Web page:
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. Last Updated: 07/27/2016

A Lesson in Russian History for Clinton

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The war in Afghanistan was not the main reason the Soviet Union collapsed. Nevertheless, it bankrupted the Soviet state and pointed out the moral blight, skewed priorities and irrelevance of the Communist gerontocracy.

The United States is a vibrant society with a diversified and resilient economy. But it currently stands on the brink of considerable social and economic upheaval, and the Iraq war reveals the fault lines within the world's only superpower. It is a nation living beyond its means by exploiting the status of the dollar as the global reserve currency. The war is costing some $3 billion per week -- all of it borrowed from more productive nations.

The United States is the leader of the free world, which the rest of the world refuses to follow. Even the pathetic "coalition of the willing," a bunch of mostly third-tier nations Washington assembled to back it in Iraq, has crumbled.

Iraq occupies a far more important place in the political debate in the United States than Afghanistan ever did in the Soviet Union. It is divisive, and frustrations on both sides have been exacerbated by the fact that no victory, however defined, can be achieved. Nor can U.S. forces leave without plunging a strategic, oil-rich region into chaos.

U.S. overconsumption and unilateralism predated President George W. Bush. But it was Bush who turned federal fiscal surpluses into deficits -- literally, with a stroke of a pen -- by granting his disastrous tax cuts. He plunged the United States into the irrelevant global war on terror, started the unnecessary and wasteful war in Iraq and created the moral climate in which Americans stand accused of torture, war crimes and atrocities.

Bush has been called the worst president in U.S. history. But now he has devised a clever plan to rescue his legacy. His troop surge in Iraq is designed to create a sense of stability and even progress. His economic policy, aided and abetted by the U.S. Federal Reserve, has been to stretch the liquidity bubble for another year or so. He could then credibly claim that he left office with Iraq on the mend and the economy booming and that his successors dropped the ball.

The next occupant of the White House will have to fight back in self-defense. He -- or most probably she (meaning Democrat Hillary Clinton, who is currently the most credible candidate) -- should study recent Russian history. Gorbachev withdrew troops from Afghanistan, but he never put those responsible for the war on trial. Boris Yeltsin ended communism and split the Soviet empire, but he avoided pushing for de-Stalinization. Even a symbolic condemnation of communism by Russian courts would have allowed the country to turn over a new page and rejoin the community of nations in much the same way West Germany did after World War II.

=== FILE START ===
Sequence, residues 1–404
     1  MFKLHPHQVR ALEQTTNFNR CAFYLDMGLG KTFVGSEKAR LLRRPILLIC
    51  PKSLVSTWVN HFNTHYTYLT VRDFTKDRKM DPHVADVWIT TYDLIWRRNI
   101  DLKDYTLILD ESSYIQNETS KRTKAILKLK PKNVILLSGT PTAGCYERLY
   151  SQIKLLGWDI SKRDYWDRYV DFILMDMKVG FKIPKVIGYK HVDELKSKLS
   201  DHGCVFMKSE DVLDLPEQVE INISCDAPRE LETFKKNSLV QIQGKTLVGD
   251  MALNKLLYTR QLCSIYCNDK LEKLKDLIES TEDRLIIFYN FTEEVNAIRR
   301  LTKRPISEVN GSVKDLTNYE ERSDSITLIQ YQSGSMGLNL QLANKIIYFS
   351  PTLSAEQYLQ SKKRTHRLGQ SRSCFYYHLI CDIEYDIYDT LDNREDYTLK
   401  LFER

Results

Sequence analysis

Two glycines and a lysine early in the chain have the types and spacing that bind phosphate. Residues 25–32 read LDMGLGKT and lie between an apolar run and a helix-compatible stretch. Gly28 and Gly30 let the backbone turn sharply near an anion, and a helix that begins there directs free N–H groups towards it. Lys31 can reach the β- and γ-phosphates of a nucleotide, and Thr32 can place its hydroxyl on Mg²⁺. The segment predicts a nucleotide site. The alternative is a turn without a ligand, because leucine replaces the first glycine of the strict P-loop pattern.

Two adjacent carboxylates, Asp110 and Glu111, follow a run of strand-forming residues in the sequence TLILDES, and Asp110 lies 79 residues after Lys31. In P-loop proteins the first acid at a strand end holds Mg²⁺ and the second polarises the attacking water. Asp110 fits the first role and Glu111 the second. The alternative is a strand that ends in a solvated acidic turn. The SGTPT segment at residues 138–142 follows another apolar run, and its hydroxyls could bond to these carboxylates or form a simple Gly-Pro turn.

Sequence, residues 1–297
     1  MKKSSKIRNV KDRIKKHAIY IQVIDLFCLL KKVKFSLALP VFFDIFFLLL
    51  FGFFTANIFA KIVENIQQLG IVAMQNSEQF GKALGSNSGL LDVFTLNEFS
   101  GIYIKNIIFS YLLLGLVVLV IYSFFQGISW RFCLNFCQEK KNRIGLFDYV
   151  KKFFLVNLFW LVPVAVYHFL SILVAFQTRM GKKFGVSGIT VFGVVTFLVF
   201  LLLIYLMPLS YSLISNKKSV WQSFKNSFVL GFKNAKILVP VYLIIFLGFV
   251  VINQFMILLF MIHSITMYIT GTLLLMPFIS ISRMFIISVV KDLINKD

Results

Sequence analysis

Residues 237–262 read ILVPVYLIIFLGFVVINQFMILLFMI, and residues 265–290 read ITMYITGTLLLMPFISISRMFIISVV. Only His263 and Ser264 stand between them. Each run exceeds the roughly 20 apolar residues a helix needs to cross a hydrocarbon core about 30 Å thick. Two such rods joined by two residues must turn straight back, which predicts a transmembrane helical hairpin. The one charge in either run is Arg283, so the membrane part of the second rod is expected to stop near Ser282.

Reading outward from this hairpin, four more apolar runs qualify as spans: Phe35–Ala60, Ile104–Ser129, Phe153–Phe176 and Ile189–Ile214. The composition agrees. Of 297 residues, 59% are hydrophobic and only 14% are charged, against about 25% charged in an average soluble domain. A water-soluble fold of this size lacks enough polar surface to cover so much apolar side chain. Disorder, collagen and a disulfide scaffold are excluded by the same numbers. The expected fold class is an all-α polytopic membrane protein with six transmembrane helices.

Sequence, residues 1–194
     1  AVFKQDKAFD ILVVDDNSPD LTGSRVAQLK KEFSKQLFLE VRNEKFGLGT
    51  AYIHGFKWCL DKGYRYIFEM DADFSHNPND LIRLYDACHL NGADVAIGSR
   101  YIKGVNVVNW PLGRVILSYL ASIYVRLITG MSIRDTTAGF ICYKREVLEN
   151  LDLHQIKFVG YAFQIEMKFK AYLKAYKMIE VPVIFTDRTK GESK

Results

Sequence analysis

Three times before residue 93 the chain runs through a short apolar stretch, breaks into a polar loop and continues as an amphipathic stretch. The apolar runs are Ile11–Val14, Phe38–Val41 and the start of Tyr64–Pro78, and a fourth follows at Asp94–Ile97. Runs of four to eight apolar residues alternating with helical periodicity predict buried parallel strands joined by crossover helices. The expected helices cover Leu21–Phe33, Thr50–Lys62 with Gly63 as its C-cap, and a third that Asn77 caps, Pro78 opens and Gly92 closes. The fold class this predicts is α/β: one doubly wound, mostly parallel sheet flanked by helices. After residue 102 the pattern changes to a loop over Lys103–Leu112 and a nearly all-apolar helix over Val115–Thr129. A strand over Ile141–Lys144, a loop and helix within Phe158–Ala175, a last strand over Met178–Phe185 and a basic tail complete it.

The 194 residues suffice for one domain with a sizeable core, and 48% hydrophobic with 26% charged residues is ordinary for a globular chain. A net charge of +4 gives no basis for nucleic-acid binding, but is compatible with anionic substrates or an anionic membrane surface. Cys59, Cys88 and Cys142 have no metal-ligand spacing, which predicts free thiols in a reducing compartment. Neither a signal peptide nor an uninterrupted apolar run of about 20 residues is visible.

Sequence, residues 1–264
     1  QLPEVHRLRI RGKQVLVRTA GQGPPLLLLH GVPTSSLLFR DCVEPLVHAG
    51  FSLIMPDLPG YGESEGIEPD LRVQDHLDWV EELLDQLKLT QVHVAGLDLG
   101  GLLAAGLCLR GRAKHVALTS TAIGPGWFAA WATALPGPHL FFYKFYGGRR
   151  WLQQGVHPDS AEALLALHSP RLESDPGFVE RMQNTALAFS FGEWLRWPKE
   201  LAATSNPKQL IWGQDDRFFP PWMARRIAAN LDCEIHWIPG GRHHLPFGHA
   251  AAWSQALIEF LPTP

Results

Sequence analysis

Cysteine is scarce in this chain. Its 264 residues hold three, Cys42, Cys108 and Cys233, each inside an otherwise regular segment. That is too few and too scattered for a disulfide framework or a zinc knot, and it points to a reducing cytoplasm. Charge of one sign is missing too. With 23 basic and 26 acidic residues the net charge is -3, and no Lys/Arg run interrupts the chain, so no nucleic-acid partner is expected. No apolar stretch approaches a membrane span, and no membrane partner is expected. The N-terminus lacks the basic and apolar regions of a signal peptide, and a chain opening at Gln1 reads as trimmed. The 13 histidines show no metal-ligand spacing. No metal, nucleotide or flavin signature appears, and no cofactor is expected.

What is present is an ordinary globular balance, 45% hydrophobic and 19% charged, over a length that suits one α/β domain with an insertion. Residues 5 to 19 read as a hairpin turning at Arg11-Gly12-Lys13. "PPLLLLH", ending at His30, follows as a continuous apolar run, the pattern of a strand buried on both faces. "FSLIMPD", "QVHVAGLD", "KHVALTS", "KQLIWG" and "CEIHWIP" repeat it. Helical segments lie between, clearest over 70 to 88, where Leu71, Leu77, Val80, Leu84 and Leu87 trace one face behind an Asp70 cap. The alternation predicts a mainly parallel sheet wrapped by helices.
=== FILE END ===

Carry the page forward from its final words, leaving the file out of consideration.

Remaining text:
As a result, in post-Soviet Russia, Brezhnev's reputation is being revived, Stalin is widely venerated and former KGB officers rule the Kremlin. Gorbachev and Yeltsin, meanwhile, are reviled for "destroying a great country."

If Clinton doesn't want to share their fate -- which in the U.S. context would mean a failed one-term presidency -- she would need to start de-Bushification. Her first act in office should be to put Bush and his entourage on trial.

When I recently suggested this to an audience of New York lawyers, the room exploded with laughter. It would be unconstitutional, they said, and also so un-American, to be stuck in the past.

On the contrary, putting blame where it belongs would be a step toward the future. It would, first of all, extract the next president's reputation from the rubble of failed policies. More important, a guilty verdict passed on the Bush administration by an impartial and independent U.S. court might put an end to unilateralism and restore the United States' rightful place in the community of nations. Both would benefit.

Alexei Bayer, a native Muscovite, is a New York-based economist.